_parent.play();
stop();
}

Here you can see if that if less the 99% has loaded then the movie is not fully loaded then the movie clip is sent back to recalculated the variables. If 99% or more has loaded then the movie clip is stopped and the main movie starts again. I use 9% rather than 100% as if there is a little data left which cannot be loaded it will never reach 100% and therefore loop for ever.

Giving feedback

Finally we need to tell the user what is going on. So create a new layer, call it something like feedback. Then insert a text box. This will display the percentage that has been loaded so far. This box needs to be set to dynamic. In Flash MX you can change this in the properties box - look for the drop down menu saying static text and change it to dynamic text.

Also look for the input text box which says var next to it. This stands for variable and will let us make the text box fill with a variable we set. So in the box write:

Progress

This will fill the box with the process variable telling the user what percentage of the movie has loaded. You're done - hit Control + E to return to editing the main movie. You can now export your movie save in the knowledge that users will see how much percentage of the movie has been loaded.

Loading variables into a Flash movie

Worfolk Desktop News was an application which downloaded the latest news from Worfolk and displayed it in the application. The original application was built in flash and loaded the variables in from a text file stored on the Worfolk servers.

The text file was simple:

news=the news story...

Create a text file like this and upload it somethere, or even just leave it on your hard drive as long as you know the file path. Now to load it into the flash movie you use LoadVariables. Go to the first frame in your movie and go into actionscript. Now add a LoadVariables command and add in the url path or file path to your text file.

Once this is done you have the variables stored in your movie. Next create a text area and set it to dynamic text. Where it says “var” and has a space to enter a name such as “news,” or whatever name you gave your variable in the text file.

Now run your movie. If it worked right the text area should now display the value you have the variable. If you copied my text into your text file you should come out with “the news story…” If its blank you have probably given the wrong url or you have got different names for the variable in your text file then you do in your movie.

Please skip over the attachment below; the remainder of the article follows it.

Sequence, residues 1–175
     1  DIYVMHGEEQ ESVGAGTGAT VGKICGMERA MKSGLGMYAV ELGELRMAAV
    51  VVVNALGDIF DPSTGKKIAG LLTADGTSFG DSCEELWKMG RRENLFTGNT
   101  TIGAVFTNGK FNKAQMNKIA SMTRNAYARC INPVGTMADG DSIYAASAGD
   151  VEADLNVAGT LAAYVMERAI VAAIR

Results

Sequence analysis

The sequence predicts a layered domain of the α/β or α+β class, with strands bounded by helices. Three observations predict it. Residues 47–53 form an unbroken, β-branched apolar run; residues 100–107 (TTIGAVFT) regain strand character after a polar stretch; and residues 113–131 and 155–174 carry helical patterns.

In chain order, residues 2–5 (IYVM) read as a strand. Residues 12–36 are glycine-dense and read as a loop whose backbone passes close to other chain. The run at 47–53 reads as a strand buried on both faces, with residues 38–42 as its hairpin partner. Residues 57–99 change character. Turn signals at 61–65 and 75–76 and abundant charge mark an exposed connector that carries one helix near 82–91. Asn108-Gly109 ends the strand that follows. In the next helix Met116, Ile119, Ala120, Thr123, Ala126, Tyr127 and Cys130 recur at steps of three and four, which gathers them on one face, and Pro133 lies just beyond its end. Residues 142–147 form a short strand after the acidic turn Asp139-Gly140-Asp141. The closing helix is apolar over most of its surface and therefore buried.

Opening pop-ups in Flash

You can call JavaScript functions from your flash movie. This tutorial will show you how to call a pop up window opener function from your movie when a user clicks a button. You can create the html page in any text editor.

1. Create a simple button in Flash. You could also just drag one out of the shared library. You then need to open up the actions menu and insert the following code:

on (release) {
getURL("JavaScript:popup();");
}

This code will call the JavaScript when a user clicks on the button. Once this is done goto File > Publish and publish your movie. Make sure the publish settings are set to publish the file with a html document.

2. Now you need the code for the JavaScript function.

<script language="JavaScript">
function popup() {
window.open('http://www.hardwaretutorials.com/','','toolbar=no,location=no,directories=no,status=no,menubar=no,
scrollbars=yes,resizable=yes,width=400,height=400,left=0,top=0');
}
</script>

This code can be modified. The first section is the page URI. The second section is your options such as do you want to make it resizable and have scrollbars. The first section has width, height and location from left and top in. Make sure the “window.open” line and the line below are on the same line.

3. Now open your text editor and find the html file generated when you published your movie. Open it and insert the JavaScript function just below the tag. Now save the page.

4. Open the file in your browser. Clicking the button should now open up the pop up window.

Making your Flash movie transparent

Making your movies transparent allows you to see the background on bits where there is nothing in the movie. However this is actually nothing to do with the settings in Flash when publishing movies. The trick is in the html file that the movie is added into.

Transparency in movies will only work in Internet Explorer 4+ and won’t work in Netscape.

To make your movies transparent, simply paste this code in between the HTML Object tags.

<param NAME="wmode" Value="transparent"

And so, the embedding code for the SWF file for the second example (transparent) is as follows:

<object classid="clsid:D27CDB6E-AE6D-11cf-96B8-444553540000" ID="himalayas" WIDTH="250" HEIGHT="100">
<param NAME="movie" VALUE="himalayas.swf">
<param NAME="quality" VALUE="high">
<param NAME="wmode" Value="Transparent">
<embed src="himalayas.swf" quality="high" bgcolor="#FFFFFF"
WIDTH="250" HEIGHT="100" TYPE="application/x-shockwave-flash">
</object>

Note: the above source file doesn’t include some key information like the Base Code URL due to the text width limitations.

Limitations

The transparency (as well as any other cool new technology) doesn’t work in Netscape at all. Use Internet Explorer to be able to view transparent Flash Content.

For the transparency effect to work as desired, don’t add a filler background element to your movies. Many developers add a large, white rectangular box, etc. to simulate white color. Make sure the drawing area behind the main movie is clear of any unwanted colours, etc (it will show up in the final animation).